customer experience design, customer research, customer service, groceries, grocery shopping, grocery store, home plus, innovation, innovative, innovative solutions, interaction design, jessa pamute, korea, korean, mobile design, new technology, online shopping, QR codes, QR technology, revolutionary, service design, store, subway station, technology, tesco, train station waiting, ucd, user centred design, virtual grocery shopping, virtual grocery store, virtual shopping, waiting, waiting for your train
Bored waiting for your train? No worries, you can go grocery shopping while you wait. Grab your phone, point at the grocery items you want to buy and voila your groceries will be delivered to your doorstep later in the day. Hopefully by the time you get home. Say what?
Several special ‘grocery aisle’ billboards that display images of grocery items are adorning several Korean train stations. Next to these images are QR codes where customers can simply snap up a code using their smartphone. The codes go straight into a virtual shopping cart and when you’re ready to pay you proceed to your virtual check out, and the products get delivered to your house. Simple, effective and efficient! And not to mention bloody brilliant!
Like online shopping, customers can shop without the hassle of time, heavy shopping bags, and long check out lines. But instead of just statically clicking through a website customers can actually immerse themselves in the experience of ‘grocery shopping’ by physically ‘walking up and down the aisle’ to pick out their items.
This is probably the best use of QR technology I’ve seen to date. Australian society hasn’t exactly embraced the technology much at all. Half my mates still don’t know what those squiggly black patterns are and what to do with them. And added to that our marketing campaigns that use QR codes are primitive to say the least.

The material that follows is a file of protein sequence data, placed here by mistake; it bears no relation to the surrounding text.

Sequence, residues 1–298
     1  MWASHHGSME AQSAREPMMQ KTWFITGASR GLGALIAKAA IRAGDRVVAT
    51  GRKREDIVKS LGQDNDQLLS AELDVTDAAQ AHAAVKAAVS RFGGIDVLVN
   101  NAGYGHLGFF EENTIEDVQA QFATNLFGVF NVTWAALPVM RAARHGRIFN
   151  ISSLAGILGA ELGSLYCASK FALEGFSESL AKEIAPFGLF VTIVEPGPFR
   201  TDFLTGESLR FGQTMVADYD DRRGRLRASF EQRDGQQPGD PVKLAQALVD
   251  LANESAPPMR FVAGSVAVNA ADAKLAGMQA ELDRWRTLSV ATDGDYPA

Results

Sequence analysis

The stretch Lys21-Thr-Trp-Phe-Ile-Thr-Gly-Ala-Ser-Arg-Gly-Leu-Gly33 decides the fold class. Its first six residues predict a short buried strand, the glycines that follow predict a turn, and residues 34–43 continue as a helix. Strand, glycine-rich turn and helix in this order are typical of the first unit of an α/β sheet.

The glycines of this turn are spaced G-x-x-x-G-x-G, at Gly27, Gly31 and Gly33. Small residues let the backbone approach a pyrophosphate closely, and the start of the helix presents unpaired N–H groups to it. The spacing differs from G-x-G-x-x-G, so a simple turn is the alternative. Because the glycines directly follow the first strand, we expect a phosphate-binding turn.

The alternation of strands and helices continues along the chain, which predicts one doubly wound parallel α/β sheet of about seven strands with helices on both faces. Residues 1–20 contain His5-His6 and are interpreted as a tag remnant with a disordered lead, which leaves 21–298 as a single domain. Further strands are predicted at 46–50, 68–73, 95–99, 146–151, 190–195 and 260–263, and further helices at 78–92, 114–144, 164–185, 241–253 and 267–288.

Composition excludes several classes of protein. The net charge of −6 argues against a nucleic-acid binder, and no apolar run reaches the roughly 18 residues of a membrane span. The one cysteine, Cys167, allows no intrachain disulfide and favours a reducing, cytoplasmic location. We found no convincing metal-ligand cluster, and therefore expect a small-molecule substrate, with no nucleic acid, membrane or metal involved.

Funnily enough I found out how out-dated Australia is with some technology while watching a popular Korean drama. I saw a character in this drama pay for his groceries simply by tapping his smartphone at this small black box! This was a good 3 years ago and I must admit that at first I thought that it was fake. Ha! I kept thinking if there was any way that technology allowed us the ability to do that then the whole world would be doing it. Of course I was embarrassingly very wrong. 3 years later and I’m shocked again to find that grocery shopping has gotten that much easier.
Tesco, the innovative company responsible for this awesome service is a global retail company. They made an ambitious plan to become the No.1 grocery giant in Korea without having to build more stores. After some in-depth customer research was conducted Tesco found:
- Koreans are the second most hard working people in the world and therefore highly valued their time and
- Customers generally felt grocery shopping sucked.
It was this research that formed the basis for their now revolutionary service. So did they succeed in their mission? Tesco is now the number 1 online retailer in Korea and is a close second in physical retail sales. And on top of that in between November 2010 and January 2011 they sported a 130% increase in sales and up to 10,000 new customers.